Located in Albany, Oregon, a transportation and manufacturing hub of the Willamette River Valley of Central Oregon, the Georgia-Pacific Millersburg Resin Plant produces formaldehyde and thermosetting resins used in particleboard, hardboard, OSB (Oriented Strand Board) and plywood. The plant began operations in 1972. The latest data available shows that the plant employs 48 people. In 1998 the Millersburg plant was one of four Georgia-Pacific chemical manufacturing plants that received the Division Vice-President's Environmental Achievement Award. Results of a 2006 EPA inspection for water quality violations showed that the Millersburg plant had no violations or pending fines.
Recognized as the world's largest tissue maker and a leading manufacturer of plywood lumber, and building products as well as a leading manufacturer of other paper-based consumer products, Georgia-Pacific, headquartered in Atlanta, Georgia, employees more than 2,000 people in its statewide Oregon operations. Worldwide Georgia-Pacific has approximately 300 manufacturing sites across North America, South America and Europe and employs more than 45,000 people.
Asbestos use and litigation
From 1965 through 1977 Georgia-Pacific used asbestos to create a building products compound used for hanging wallboard and finishing ceilings. By 2001 the company had approximately 63,000 pending asbestos injury claims, which soon became the biggest issue clouding the company's future. By 2004 the company had set aside over $100 million dollars in a ten-year defense fund. In that year alone Georgia-Pacific paid out $200 million dollars to resolve claims, an 11-million-dollar increase from 2003, when claim payments totaled 189 million.
Georgia-Pacific's best known consumer brands include Angel Soft, Northern, and Soft 'N Gentle bath tissue; Mardi Gras, Vanity Fair, and Zee paper napkins; Brawny, Mardi Gras, Sparkle and Zee paper towels; and Dixie, PerfecTouch, Ultra, Vanity Fair and Insulair paper cups and plastic tableware.
Asbestos and Chemical Plants
During the majority of the 1900s, when extreme temperature or fire was a danger, various forms of asbestos were selected as a building material. Therefore, it was typical for chemical plants like Georgia-Pacific Millersburg Resin Plant to be constructed with asbestos-containing materials. In addition to being a fire retardant as well as heat-proof, some types of asbestos are also especially resistant to chemical reactions. Ceiling tiles, insulation, benches, even protective clothing, therefore, frequently were made with the fibrous mineral. And while the asbestos worked well in preventing fire damage and in protecting people and equipment from high temperatures, it also exposed people who used it or worked around it to serious health risks.
Much of this asbestos was the form called amosite. Often referred to as "brown asbestos", amosite is particularly resistant to acidic chemicals like those produced in chemical plants because of the iron molecules in its chemical composition. Although it was banned as a construction material in the 1970s, amosite, in the form of asbestos-containing transite, was utilized for many years in chemical plants, refineries and labs across the US.
Asbestos transite displayed properties like cement; it could be laminated and sprayed onto pipes and ductwork. For the most part, new items built with transite were safe because the asbestos fibers were trapped in the transite. With age, however, transite with asbestos-containing material (ACM) becomes prone to crumbling, enabling tiny particles to flake off into the air. Asbestos in this condition is considered friable, a term that is used for materials that are easily pulverized. The insulation lining of laboratory kilns also almost always contained friable asbestos.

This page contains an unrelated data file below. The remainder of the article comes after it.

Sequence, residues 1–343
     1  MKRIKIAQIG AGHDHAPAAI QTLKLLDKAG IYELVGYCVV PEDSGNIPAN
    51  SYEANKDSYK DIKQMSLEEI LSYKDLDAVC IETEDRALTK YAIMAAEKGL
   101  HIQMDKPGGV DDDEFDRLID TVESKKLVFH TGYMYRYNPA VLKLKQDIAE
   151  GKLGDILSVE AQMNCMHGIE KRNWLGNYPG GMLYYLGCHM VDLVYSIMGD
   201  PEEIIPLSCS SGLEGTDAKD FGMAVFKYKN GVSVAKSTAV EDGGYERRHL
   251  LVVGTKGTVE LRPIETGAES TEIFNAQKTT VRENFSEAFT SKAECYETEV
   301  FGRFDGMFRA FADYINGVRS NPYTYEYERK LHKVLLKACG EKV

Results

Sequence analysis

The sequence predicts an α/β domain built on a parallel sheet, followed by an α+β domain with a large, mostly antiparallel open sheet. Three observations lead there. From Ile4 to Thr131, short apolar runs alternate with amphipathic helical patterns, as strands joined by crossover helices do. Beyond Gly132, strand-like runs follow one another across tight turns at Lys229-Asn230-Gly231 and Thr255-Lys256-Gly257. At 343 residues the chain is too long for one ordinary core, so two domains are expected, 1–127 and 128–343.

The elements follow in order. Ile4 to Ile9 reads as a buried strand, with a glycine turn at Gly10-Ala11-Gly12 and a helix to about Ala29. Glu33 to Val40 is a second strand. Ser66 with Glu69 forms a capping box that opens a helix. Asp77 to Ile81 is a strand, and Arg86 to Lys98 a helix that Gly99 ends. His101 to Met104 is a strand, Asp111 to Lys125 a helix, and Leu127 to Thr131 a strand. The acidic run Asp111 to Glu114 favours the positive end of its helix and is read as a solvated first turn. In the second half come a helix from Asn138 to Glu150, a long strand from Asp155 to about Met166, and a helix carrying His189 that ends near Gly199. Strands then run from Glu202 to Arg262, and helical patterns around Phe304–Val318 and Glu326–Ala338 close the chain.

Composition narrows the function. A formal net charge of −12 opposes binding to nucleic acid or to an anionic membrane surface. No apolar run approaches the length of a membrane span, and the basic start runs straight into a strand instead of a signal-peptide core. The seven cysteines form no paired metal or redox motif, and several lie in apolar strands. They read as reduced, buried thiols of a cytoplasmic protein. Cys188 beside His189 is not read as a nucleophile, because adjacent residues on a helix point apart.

The Dangers of Friable Asbestos
Asbestos fibers, when friable, can be easily dispersed in the air. If a person breathes these particles, they can damage the lungs, causing cancer. In addition, inhaling asbestos is known to be the leading cause of mesothelioma, a rare and frequently deadly disease affecting the mesothelium, the tissue that lies between the lungs and the chest cavity. Ingestion of asbestos fibers, as is easy to do when those tiny particles float in the air and fall on food or drinks, may be the cause of pericardial or peritoneal mesothelioma.
Increased pressure from activist groups, news media and medical scientists resulted in rules controlling how to use asbestos. The use of asbestos was more common, however, when chemical plants like Georgia-Pacific Millersburg Resin Plant were built. Before present-day rules were enacted, workers frequently toiled without respirators or other protective gear in environments where asbestos dust filled the air.
A Ticking Bomb
One of the insidious aspects of exposure to asbestos is the resulting illnesses may take many, many years to manifest - often decades after a worker has retired from the employer. The symptoms of asbestosis and asbestos cancer - pain in the chest or abdomen, shortness of breath and a chronic cough - may often be confused with those of other disorders. Those that were employed by or lived near places such as Georgia-Pacific Millersburg Resin Plant should, therefore, tell their physicians about the possibility of asbestos exposure. Such information can enable doctors make a timely diagnosis; especially with mesothelioma, the earlier it is caught, the higher the chances of surviving or at least of improved quality of life.Sources
Georgia-Pacific - About Us
Georgia-Pacific - Brands For Your Home
Georgia-Pacific - Georgia-Pacific Honors Plants for Environmental Achievement
Georgia-Pacific - News Room
Georgia-Pacific - Oregon Facts and Figures
New York Times - Find Water Polluters Near You
University of Wisconsin - Asbestos Containing Material (ACM) - Laboratories and Shops
University of Wisconsin - Asbestos Disposal